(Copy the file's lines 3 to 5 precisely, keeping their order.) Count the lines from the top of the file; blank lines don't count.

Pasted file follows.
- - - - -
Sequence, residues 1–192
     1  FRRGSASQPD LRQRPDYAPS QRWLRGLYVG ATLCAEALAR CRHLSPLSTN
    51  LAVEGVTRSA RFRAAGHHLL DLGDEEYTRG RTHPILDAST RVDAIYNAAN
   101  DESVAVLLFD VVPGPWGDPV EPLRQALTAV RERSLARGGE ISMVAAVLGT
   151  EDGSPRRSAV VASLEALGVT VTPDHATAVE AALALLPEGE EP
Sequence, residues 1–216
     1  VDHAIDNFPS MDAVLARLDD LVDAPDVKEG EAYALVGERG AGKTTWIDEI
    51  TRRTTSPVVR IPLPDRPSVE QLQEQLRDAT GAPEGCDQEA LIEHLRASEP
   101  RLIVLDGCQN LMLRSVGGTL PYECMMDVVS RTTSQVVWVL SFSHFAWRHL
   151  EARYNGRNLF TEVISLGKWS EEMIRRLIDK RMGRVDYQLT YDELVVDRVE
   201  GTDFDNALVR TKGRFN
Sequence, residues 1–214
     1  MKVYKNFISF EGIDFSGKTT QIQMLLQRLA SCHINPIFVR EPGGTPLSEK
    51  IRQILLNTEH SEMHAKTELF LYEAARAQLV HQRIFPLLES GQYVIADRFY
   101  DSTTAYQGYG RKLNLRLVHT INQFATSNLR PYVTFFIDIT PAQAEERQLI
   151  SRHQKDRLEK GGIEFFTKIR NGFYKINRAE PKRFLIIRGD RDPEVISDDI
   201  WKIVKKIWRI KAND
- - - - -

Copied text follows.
    51  LAVEGVTRSA RFRAAGHHLL DLGDEEYTRG RTHPILDAST RVDAIYNAAN
   101  DESVAVLLFD VVPGPWGDPV EPLRQALTAV RERSLARGGE ISMVAAVLGT
   151  EDGSPRRSAV VASLEALGVT VTPDHATAVE AALALLPEGE EP